The role of Staph Aureus and other germs in atopic eczema has been known for a very long time. In healthy skin, normal immune responses just below the skin surface kill any Staph that breaches the skin surface by releasing anti-microbial peptides, AMPs.
Staph Aureus colonisation occurs in patients with atopic dermatitis, which means that patients have difficulty eradicating it, as the skin stops defending itself against invasion by the germ. Why is this?
As Staph infects the skin, it secretes both alpha and delta toxins. These are the keys to understanding colonisation.
Alpha toxins produced by Staph aureus attach to the cell membrane and can cause the death of cells such as white blood cells, designed to combat infection, and can stimulate cytokine production, leading to inflammation. This allows the germ to colonise – or co-exist with our skin biology over time.
Delta toxins produced by Staph aureus target skin mast cells, releasing granules which cause further inflammation, and cause these cells to begin an allergic type response, and aggravate the need to scratch.
There are other factors by which Staph can become more toxic to skin, including super-antigens, V8 and ETA factors, and PSM (phenol soluble modulins). These factors may cause toxic shock syndrome, scalded skin syndrome, or forms of desquamation – where the skin is left completely raw.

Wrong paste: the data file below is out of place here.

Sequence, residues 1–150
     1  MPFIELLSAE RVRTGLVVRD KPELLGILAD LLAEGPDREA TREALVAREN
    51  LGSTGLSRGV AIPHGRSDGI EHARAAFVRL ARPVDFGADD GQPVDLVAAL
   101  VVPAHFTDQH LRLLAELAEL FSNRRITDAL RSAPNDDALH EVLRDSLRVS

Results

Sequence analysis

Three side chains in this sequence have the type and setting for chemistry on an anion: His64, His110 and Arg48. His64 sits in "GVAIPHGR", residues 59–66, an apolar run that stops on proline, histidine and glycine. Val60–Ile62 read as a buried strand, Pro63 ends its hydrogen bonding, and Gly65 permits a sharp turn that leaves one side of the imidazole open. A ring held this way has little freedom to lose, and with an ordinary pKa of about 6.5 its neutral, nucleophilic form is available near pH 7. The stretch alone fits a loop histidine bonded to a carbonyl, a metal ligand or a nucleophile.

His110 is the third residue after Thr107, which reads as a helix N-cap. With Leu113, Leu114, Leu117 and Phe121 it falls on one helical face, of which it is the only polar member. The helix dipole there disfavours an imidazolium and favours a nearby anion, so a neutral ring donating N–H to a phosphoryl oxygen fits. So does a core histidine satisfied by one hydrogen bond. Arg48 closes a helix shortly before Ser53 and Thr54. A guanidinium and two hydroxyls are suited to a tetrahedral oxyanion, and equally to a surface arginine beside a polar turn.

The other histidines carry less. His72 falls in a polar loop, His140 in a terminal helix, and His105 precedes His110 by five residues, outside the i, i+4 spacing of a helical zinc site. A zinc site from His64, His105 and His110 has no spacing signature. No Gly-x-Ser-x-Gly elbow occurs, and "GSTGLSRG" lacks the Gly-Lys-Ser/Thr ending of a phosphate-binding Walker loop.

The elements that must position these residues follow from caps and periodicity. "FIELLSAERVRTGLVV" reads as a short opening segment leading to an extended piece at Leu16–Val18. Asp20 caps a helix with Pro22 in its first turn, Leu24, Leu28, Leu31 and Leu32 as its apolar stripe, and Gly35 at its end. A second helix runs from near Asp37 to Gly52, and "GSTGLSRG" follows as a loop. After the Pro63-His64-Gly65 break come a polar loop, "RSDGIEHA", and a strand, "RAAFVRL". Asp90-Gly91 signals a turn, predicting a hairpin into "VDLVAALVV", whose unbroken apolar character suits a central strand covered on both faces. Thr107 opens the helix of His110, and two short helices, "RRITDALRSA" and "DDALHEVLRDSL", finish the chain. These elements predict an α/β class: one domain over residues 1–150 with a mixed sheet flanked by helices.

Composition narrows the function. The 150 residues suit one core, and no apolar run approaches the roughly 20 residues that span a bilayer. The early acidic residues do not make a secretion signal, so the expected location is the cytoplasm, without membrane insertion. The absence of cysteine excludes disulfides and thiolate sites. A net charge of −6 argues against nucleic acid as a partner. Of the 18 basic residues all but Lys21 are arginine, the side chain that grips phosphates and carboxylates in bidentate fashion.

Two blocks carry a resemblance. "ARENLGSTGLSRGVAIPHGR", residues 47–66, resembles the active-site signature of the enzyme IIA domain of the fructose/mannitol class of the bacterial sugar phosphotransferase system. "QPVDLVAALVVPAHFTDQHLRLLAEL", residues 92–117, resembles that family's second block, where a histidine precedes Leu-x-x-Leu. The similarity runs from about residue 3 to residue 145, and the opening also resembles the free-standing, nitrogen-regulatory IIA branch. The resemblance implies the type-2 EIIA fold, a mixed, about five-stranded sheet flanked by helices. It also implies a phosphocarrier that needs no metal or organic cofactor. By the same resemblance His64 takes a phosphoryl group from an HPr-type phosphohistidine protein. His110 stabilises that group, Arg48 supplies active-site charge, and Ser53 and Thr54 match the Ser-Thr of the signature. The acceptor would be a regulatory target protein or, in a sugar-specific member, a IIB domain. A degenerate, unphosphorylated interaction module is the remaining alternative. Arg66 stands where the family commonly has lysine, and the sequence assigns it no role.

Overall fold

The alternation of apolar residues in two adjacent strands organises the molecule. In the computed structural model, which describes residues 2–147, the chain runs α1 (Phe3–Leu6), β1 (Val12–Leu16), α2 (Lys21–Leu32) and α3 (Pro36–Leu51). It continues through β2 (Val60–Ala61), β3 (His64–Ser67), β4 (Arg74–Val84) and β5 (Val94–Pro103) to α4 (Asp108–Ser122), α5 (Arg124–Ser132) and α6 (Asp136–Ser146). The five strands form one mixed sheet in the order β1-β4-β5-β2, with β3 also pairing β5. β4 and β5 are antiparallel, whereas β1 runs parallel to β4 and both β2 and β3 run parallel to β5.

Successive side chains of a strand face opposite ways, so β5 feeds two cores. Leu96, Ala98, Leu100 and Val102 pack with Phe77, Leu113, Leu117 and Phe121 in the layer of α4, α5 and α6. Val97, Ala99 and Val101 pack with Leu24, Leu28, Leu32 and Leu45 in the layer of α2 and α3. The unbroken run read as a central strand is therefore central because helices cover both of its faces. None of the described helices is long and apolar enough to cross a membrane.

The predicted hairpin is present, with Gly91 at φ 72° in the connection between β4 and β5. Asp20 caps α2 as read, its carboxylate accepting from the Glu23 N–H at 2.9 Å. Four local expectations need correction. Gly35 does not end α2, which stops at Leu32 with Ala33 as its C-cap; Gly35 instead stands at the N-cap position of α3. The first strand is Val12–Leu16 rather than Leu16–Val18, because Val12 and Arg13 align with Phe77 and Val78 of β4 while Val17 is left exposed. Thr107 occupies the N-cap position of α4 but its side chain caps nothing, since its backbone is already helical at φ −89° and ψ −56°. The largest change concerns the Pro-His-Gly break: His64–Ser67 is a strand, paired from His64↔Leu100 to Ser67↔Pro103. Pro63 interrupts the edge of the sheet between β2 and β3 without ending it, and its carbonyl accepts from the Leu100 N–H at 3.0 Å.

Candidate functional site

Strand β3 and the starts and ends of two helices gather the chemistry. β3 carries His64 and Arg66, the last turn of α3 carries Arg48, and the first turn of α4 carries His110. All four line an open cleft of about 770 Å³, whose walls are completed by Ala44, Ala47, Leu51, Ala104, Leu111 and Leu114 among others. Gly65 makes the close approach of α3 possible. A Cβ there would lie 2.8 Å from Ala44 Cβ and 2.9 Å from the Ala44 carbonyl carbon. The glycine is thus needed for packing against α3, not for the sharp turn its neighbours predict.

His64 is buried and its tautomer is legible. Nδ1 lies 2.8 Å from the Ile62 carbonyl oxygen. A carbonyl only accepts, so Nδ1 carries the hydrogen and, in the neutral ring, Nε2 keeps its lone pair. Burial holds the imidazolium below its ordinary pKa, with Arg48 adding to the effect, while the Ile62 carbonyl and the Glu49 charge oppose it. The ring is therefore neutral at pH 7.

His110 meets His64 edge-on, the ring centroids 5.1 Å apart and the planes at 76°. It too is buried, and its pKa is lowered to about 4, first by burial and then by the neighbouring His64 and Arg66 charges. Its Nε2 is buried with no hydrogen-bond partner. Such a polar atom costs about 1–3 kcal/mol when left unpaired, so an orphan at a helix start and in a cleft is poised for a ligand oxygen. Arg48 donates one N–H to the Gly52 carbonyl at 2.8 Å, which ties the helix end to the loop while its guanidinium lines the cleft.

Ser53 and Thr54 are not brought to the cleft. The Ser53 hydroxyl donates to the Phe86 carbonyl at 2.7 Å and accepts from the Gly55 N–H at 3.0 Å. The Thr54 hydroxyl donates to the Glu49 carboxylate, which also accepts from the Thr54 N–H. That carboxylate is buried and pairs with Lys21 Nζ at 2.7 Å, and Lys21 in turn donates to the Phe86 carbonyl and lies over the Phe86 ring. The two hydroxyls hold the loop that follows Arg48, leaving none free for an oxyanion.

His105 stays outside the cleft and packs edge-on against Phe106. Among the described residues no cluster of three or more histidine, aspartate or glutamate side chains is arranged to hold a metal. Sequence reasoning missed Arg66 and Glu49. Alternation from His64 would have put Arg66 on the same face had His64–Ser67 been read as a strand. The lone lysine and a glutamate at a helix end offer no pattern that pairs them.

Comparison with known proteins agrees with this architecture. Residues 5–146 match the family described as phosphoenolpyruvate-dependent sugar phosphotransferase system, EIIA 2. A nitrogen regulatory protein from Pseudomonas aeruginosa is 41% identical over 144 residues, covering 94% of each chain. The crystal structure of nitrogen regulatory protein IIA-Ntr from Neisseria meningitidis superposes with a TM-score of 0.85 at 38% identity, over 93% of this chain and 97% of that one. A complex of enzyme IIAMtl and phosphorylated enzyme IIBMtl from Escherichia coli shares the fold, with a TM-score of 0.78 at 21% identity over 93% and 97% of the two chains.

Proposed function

Although there is potential for many different organisms to infect damaged atopic skin, it is Staph aureus that increases the most during flares of eczema, and is most associated with severity in eczema.
It is the toxins secreted by Staph aureus that give rise to super-resistant bacteria such as PVL-producing Staph, or MRSA. These bacteria are very difficult to eradicate because of the way they interrupt normal defence mechanisms.
It is therefore important to include an effective anti-staph antibiotic in creams used to combat atopic eczema, and to keep using such an antibacterial for long enough to ensure colonisation is properly addressed.